April 12th, 2024

City ceremony kicks off Truth and Reconciliation Week events

By Lethbridge Herald on September 25, 2023.

Herald photo by Al Beeber Theron Black, Cindy Black and Dylan Black lead the audience at the City's Reconciliation Week opening ceremonies in a round dance at the Civic Centre track Monday morning.

Theodora Macleod

Five days from the National Day for Truth and Reconciliation, the City of Lethbridge officially kicked off what they hope will be a week of connection and learning. In the warm morning breeze, members of the community, along with members of city council, and representatives of the Indigenous community gathered at the Civic Centre track to formally begin the week of events.

Opening with grass dances by Theron and Dylan Black, as well as a jingle dress dance by Cindy Black, and drumming by Julius and Troy Delaney, the performances led into a round dance that welcomed all attendees, even a dog in a backpack named Jigzy. “The women’s jingle dress originates from Ojibwe, it’s a healing dance,” says Charlene Bruised-Head Mountain Horse, Indigenous Relations Advisor for the City of Lethbridge. Grass dancing, she explains, is a tradition that comes from the prairies and flattening the grass to make a path. “We want to share culturally some of our social aspects, which is why we always bring our dancers.” 

Prior to the official ceremony, members of the Reconciliation Lethbridge Advisory Committee, along with representatives from emergency services, joined elders in a pipe ceremony. For chief of Lethbridge Fire and Emergency Services, Greg Adair, this was his first experience participating in a pipe ceremony. “It’s incredible any time you get an opportunity to look a little more and to understand and be able to learn more about the Blackfoot culture,” he says. “(Reconciliation) is about truth, understanding the truth, recognizing the path, and committing to move forward together.”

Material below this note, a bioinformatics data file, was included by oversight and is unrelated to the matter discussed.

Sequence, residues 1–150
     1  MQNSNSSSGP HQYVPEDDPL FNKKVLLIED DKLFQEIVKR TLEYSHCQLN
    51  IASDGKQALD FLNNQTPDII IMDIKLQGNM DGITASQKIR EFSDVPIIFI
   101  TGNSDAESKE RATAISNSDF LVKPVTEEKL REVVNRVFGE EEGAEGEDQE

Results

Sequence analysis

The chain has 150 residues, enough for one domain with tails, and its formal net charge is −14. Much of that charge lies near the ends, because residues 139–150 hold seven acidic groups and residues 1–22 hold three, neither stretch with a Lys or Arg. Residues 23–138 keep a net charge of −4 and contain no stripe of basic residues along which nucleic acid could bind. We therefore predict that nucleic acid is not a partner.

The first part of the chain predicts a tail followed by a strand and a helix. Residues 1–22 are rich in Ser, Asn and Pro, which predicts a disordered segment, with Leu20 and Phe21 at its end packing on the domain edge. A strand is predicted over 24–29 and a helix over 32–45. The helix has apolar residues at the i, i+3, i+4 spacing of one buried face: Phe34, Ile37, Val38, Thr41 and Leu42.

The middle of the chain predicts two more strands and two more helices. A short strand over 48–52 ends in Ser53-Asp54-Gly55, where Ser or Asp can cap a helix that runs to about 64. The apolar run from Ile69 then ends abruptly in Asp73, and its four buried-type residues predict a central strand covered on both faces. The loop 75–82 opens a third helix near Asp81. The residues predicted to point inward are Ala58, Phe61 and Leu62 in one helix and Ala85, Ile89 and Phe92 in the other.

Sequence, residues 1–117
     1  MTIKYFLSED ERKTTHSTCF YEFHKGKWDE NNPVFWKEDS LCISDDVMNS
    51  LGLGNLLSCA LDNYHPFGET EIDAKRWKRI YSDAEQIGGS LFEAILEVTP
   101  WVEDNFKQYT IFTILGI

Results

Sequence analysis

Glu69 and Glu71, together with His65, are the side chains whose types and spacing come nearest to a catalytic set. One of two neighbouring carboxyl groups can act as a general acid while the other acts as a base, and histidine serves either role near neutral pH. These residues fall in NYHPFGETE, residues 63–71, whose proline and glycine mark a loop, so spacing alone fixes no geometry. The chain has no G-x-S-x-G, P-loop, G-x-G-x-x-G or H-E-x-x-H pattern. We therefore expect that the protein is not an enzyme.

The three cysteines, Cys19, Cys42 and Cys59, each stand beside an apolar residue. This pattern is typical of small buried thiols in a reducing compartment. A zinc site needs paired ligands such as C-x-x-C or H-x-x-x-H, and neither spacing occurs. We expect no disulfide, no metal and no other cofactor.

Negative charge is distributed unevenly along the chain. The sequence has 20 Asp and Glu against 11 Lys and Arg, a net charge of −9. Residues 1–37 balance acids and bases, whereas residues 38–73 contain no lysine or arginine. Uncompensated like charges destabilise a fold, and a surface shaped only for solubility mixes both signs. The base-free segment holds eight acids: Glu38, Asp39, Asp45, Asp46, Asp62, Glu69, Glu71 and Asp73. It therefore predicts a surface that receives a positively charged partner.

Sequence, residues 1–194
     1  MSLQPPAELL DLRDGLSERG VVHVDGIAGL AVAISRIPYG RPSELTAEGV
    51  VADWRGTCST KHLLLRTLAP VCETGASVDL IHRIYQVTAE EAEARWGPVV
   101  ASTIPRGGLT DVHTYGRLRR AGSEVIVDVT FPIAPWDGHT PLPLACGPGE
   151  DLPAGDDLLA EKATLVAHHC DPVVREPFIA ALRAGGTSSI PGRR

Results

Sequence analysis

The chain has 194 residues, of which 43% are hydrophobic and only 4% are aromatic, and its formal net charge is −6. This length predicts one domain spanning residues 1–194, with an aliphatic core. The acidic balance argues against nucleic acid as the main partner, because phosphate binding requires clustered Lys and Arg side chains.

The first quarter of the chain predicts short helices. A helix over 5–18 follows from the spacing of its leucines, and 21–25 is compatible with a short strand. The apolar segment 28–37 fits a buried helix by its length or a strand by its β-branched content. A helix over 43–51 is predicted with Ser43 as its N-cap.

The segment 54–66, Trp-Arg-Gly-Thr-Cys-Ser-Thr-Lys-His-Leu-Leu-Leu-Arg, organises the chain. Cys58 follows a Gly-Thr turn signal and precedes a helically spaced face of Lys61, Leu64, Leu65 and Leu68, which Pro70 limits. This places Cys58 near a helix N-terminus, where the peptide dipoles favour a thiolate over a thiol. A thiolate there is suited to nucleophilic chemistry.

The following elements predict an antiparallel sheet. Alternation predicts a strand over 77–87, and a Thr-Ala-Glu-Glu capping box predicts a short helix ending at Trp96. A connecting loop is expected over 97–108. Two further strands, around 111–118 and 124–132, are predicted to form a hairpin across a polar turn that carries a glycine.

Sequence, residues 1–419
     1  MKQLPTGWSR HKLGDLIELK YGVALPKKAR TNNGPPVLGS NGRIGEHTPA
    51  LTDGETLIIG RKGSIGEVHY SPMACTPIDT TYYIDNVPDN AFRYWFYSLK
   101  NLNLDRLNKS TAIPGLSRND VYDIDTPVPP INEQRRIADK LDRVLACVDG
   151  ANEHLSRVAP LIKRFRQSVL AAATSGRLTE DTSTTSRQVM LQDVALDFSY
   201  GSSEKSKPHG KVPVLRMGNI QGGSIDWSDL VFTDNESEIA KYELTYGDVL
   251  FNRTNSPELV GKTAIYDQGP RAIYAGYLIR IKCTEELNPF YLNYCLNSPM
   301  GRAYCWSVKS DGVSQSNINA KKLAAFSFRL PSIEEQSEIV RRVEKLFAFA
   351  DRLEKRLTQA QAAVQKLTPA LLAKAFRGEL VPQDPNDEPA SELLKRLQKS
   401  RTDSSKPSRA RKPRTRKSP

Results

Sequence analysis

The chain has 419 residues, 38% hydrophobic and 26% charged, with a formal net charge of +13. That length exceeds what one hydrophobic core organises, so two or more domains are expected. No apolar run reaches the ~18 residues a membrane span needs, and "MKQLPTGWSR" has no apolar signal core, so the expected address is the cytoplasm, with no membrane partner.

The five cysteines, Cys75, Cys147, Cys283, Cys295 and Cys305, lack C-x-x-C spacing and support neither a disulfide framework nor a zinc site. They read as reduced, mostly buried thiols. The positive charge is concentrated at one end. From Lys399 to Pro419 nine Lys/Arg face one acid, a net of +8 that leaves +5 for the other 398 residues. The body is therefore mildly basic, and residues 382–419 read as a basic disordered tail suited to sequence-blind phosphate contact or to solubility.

NDP MLA for Lethbridge-West, Shannon Phillips says that though there was concern initially that the Truth and Reconciliation Commission Report would be overlooked, it has galvanized communities, especially Lethbridge. She adds that upon the release of the 94 calls to action in 2015, Lethbridge was among the first municipalities to present a plan of action. “It’s easy to think of reconciliation as primarily a federal matter given the relationship of the crown to the treaty and treaty people, but the fact of the matter is a lot of the doing falls to municipalities and provincial governments,” Phillips explains. 

For Bruised-Head Mountain Horse, despite the immense trauma in the history of Indigenous people, there’s still reason to celebrate. “The fact that on a federal, national level there is recognition of the impact that it has had on generations, multiple generations of First Nations, Metis, and Inuit people, it’s celebratory, it’s something to recognize, and people, maybe from the community might think ‘oh it’s just a drop in the bucket,’ but the fact is that it’s something, we’re on the map. There’s always more that can be done. So, I am appreciative of that.” 

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